Going further, new technologies on the cusp of being fully realized offer even more potential for harm. The manipulation and deception possible with AI, VR, and AR technologies, if used in unethical ways, is frightening. With Twitter full of “bots” and deceptive news articles of unknown providence already crowding our feeds, we risk something subtler and potentially more destructive than we yet have the language or frameworks to combat.

Blog Picture 1

What is lost when we fail to consider our work in software design a public service, and constrain our thinking to only the narrow technical specifications and profit motives? When should we feel an obligation to foresee problems not only from a functional or technical perspective, but from a human factors perspective? What would it mean for individual designers and engineers to see themselves as responsible for the ways their products are used in the same way that doctors see themselves as responsible for the health outcomes of their patients? What would it mean for the industry to adopt standards of training, licensure, and oversight that mimicked other fields? Who could even be that authority for an industry with so many subfields of study, unconnected public or private organizations, and individual actors?

Despite the many unanswered questions, the industry has not been unaware of this growing problem. Several leading groups, including the IEEE ( and the ACM (, have developed ethical guidelines in collaboration professionals and experts, and expressly consider the social consequences of system design. The ISO offers design guidance on a detailed level for some specific applications, like medical devices. The unresolved element has been the enforcement of such generally agreed upon terms. I believe it could be possible to utilize state law in the way a bar association or medical specialty might, even if only in certain contexts. Independent contractors offering their services publicly, or developers working with public entities like school districts or hospitals, may be cases for early adoption.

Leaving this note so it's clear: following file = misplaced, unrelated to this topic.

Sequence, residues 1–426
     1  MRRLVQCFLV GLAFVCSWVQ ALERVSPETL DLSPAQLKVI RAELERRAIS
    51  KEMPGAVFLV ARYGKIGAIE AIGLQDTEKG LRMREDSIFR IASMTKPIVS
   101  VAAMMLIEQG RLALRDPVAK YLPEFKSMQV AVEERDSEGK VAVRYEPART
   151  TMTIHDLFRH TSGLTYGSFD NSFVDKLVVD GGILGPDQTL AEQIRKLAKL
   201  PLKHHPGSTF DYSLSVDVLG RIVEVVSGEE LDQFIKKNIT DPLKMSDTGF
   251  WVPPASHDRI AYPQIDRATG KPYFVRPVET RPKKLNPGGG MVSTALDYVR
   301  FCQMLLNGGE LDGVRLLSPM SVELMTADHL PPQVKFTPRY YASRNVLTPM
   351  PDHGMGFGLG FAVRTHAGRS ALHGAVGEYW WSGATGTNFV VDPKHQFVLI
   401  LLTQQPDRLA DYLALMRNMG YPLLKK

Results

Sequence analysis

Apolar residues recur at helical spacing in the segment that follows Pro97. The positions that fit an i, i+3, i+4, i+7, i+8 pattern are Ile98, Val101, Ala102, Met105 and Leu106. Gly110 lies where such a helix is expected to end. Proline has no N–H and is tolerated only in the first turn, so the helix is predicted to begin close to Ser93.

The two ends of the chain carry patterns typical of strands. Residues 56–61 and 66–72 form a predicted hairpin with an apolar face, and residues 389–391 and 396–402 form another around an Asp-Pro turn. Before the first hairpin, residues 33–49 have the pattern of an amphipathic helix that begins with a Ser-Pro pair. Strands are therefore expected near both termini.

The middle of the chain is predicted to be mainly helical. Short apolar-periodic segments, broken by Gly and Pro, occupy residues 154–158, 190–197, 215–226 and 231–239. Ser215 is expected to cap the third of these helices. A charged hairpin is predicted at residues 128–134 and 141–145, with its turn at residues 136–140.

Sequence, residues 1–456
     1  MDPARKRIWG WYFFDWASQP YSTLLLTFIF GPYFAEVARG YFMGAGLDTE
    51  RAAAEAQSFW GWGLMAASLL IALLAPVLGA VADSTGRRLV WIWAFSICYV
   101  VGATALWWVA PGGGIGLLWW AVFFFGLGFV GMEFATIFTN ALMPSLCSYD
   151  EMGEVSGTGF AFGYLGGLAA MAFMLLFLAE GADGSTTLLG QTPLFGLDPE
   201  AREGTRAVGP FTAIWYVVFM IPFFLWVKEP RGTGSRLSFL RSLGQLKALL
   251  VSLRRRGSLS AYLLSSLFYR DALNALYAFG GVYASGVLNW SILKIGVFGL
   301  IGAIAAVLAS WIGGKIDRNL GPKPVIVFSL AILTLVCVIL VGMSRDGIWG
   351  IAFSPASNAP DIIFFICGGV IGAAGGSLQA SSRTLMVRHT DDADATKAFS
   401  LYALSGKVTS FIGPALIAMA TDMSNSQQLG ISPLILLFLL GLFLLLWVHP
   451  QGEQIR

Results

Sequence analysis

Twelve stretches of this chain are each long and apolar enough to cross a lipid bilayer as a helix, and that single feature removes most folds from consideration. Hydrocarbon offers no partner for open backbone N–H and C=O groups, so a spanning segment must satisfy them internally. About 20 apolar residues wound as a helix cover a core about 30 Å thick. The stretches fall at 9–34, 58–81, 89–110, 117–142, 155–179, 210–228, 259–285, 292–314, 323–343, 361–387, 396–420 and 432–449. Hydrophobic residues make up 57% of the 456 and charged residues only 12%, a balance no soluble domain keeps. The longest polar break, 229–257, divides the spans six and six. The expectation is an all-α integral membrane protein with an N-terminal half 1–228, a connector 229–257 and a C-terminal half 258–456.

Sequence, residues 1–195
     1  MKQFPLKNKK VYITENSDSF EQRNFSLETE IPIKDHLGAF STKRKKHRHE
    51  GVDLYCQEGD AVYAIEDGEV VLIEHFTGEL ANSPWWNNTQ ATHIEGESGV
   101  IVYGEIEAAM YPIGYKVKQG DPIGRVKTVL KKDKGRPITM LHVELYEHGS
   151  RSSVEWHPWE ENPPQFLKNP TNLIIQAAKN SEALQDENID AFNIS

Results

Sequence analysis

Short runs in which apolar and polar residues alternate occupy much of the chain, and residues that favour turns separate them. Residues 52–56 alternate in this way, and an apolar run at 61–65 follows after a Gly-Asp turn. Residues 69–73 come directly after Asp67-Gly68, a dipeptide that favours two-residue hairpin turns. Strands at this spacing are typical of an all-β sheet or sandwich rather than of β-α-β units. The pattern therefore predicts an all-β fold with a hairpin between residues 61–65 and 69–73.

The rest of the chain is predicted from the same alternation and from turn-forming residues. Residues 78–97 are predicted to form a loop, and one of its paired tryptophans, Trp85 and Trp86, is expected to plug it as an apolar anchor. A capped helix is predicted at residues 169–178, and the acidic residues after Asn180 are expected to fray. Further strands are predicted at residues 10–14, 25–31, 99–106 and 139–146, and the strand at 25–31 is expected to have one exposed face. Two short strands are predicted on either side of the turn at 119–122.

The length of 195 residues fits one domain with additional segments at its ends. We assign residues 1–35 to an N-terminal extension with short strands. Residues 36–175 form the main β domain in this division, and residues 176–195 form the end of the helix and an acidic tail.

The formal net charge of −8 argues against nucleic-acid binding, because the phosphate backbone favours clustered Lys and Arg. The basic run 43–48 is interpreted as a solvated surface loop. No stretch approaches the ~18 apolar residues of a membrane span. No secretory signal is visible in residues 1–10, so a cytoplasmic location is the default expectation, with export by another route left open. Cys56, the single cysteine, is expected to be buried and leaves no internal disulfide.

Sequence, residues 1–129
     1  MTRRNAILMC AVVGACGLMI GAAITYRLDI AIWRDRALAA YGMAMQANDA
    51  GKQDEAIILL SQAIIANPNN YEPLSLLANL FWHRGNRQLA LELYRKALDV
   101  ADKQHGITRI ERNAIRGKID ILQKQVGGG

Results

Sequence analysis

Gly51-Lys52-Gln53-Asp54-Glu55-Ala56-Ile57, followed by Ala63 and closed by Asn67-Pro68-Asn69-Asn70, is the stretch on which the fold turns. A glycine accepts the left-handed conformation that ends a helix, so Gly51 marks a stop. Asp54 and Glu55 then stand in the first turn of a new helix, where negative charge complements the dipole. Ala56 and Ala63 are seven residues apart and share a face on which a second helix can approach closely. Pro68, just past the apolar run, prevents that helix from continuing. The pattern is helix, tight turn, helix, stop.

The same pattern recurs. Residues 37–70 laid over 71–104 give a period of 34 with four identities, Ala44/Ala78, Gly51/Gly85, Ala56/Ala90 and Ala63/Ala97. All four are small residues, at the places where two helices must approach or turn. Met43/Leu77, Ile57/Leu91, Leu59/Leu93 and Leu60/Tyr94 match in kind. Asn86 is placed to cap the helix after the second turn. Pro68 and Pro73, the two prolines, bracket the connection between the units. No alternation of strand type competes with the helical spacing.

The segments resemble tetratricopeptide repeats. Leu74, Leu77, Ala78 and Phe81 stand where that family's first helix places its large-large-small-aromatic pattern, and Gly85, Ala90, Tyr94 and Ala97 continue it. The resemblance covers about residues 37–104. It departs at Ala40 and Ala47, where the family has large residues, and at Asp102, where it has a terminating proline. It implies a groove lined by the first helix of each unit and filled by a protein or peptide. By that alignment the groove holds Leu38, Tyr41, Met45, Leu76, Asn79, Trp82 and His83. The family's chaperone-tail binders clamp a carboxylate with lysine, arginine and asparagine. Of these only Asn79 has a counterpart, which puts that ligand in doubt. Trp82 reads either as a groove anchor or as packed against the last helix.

Realistically, much of the effort would have to be a form of self-policing by developers , informed by an inter-disciplinary understanding of their work and reinforced by pressure on their private employers by an ever more technologically educated and aware public.



Reference list and further reading

Bogost, Ian (November 2015). Programmers: Stop Calling Yourselves Engineers [Article]. Retrieved from

Brown, Jennings (December 2017). Uber’s Big Claim That It’s Not Really a Cab Company Is Bogus, EU Court Rules [Article]. Retrieved from